Acute promylocytic leukemia is a biologically distinct form of acute myeloid leukemia that is characterized by a translocation between chromosomes 15 and 17. This results in a fusion protein between the genes encoding the retinoic acid receptor and the transcription factor promylocytic leukemia, which halts myeloid cell development at the promylocytic stage. These cells are commonly filled with granules, and auer rods are common microscopically, release of granules is clinically important, as they may cause disseminated intravascular coagulation in a patient who is already pancytopenic.
Clinical features and diagnosis of acute promylocytic leukemia
Usually the first symptoms of acute promylocytic leukemia are consequences of bleeding diathesis. Hemorrhages of the skin and mucosa prompt physicians to perform a hemogram. Sometimes severe hemorrhage leads to early death. Usually, no tumor, bone pain, adenopathy, or splenomegaly or hepatomegaly are recorded. Patients with acute promylocytic leukemia share many of the symptoms of acute non-lymphocytic leukemia, such as pallor, fatigue, weakness, palpitations, dyspnea on exertion, and fever.
In contrast to other subtypes of leukemia, in the hemogram, the majority of patients have total white blood cell count less than 5×10⁹/L. marked thrombocytopenia is usually found. The anemia is variable, often related to hemorrhage. However, about 5% of patients, usually those having a variant from called the microgranular form, present with an elevated WBC count of up to 100×10⁹/L).
In the common form, with a low WBC count, few malignant cells are found in the blood, most of them being the bone marrow.
The diagnosis of acute promylocytic leukemia is made morphologically on bone marrow smear. In the bone marrow, the majority of cells are abnormal, having some similarities with promyelocytes (size of cell, nucleus/cytoplasm ratio, and nuclear aspect). The malignant cells bear numerous large granules and several auer rods. Bone marrow aspirates are also taken at presentation for cytogenotic evaluation and for reverse transcriptase polymerase chain reaction assays in order to detect the t(15:17) translocation and the PML-RARα mRNA respectively.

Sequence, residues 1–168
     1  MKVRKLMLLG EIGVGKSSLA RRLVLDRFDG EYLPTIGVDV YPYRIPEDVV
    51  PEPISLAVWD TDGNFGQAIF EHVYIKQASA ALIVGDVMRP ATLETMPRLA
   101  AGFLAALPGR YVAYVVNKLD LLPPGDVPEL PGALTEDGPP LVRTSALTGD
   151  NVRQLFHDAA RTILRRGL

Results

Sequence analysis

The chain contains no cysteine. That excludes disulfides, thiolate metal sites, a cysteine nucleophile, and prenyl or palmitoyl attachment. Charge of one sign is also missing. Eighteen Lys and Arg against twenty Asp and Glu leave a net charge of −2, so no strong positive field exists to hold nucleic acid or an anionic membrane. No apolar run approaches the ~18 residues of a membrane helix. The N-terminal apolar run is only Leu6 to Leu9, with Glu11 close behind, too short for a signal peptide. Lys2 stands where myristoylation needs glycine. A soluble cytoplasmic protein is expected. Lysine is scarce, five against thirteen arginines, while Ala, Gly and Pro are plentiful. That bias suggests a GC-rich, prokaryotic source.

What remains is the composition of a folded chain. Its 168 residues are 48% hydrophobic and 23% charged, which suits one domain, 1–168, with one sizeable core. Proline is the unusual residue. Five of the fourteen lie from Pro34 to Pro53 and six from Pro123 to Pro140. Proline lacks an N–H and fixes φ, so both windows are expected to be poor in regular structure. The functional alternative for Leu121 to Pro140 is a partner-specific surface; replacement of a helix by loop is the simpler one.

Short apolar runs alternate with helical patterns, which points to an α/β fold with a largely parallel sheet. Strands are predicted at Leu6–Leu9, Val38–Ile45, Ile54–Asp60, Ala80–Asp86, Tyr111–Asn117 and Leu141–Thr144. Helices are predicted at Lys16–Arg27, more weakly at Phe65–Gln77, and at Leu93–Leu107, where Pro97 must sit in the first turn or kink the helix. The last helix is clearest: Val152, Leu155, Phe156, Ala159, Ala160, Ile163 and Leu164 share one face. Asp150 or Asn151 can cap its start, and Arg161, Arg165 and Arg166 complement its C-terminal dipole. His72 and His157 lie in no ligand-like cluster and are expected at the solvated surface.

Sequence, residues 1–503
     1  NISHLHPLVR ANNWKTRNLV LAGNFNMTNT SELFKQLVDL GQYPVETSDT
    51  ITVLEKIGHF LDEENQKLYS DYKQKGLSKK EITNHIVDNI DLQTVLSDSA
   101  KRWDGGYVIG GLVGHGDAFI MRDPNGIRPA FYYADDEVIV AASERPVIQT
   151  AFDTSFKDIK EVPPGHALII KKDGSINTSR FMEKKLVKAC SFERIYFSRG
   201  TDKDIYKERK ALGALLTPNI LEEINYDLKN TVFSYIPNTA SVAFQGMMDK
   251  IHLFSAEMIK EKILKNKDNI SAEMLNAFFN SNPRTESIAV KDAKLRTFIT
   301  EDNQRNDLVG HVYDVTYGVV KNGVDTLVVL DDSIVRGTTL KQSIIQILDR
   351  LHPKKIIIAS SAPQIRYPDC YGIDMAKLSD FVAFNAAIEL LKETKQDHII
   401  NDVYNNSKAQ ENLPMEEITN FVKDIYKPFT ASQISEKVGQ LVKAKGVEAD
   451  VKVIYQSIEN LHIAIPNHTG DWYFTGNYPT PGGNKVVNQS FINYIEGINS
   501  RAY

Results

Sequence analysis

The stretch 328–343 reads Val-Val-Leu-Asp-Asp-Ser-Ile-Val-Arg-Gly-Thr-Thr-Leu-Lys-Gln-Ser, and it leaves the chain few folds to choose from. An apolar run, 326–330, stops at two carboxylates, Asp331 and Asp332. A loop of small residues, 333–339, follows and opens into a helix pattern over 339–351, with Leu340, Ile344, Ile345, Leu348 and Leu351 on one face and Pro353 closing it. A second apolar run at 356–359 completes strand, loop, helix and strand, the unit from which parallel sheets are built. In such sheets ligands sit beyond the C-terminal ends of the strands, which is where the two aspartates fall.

Immunophenotyping confirms the myeloid lineage (CD13-CD33) with association in some cases with CD19 and/CD12 antigens usually found in lymphoid lineages.
Homeopathic treatment for acute promylocytic leukemia symptoms
Homeopathy is one of the most popular holistic systems of medicine. The selection of remedy is based upon the theory of individualization and symptoms similarity by using holistic approach. This is the only way through which a state of complete health can be regained by removing all the sign and symptoms from which the patient is suffering. The aim of homeopathy is not only to treat acute promylocytic leukemia symptoms but to address its underlying cause and individual susceptibility. As far as therapeutic medication is concerned, several remedies are available to treat acute promylocytic leukemia symptoms that can be selected on the basis of cause, sensations and modalities of the complaints. For individualized remedy selection and treatment, the patient should consult a qualified homeopathic doctor in person. There are following remedies which are helpful in the treatment of acute promylocytic leukemia symptoms:
Arsenic Album, Carcinosin, Nat act, Natrum Sulph, Arania Diadema, Arsenic Iod, Calcaria Carb, Calcaria Phos, Carbn S, Ceanothus Americanus, China, Ferrum Pic, Kali Phos, Natrum Mur, Natrum Phos, Picric Acid, X-ray, Lachesis, Mercurius, Merc Cor, Nitric Acid, Phosphorous, Aconite, Acetic Acid, Baryta Iod, Bryonia, Carbo Veg, Crotolus H, Ipecauc, Nux Vomica, Opium, Sulphur, Syphilinum, Thuja, and many other medicines.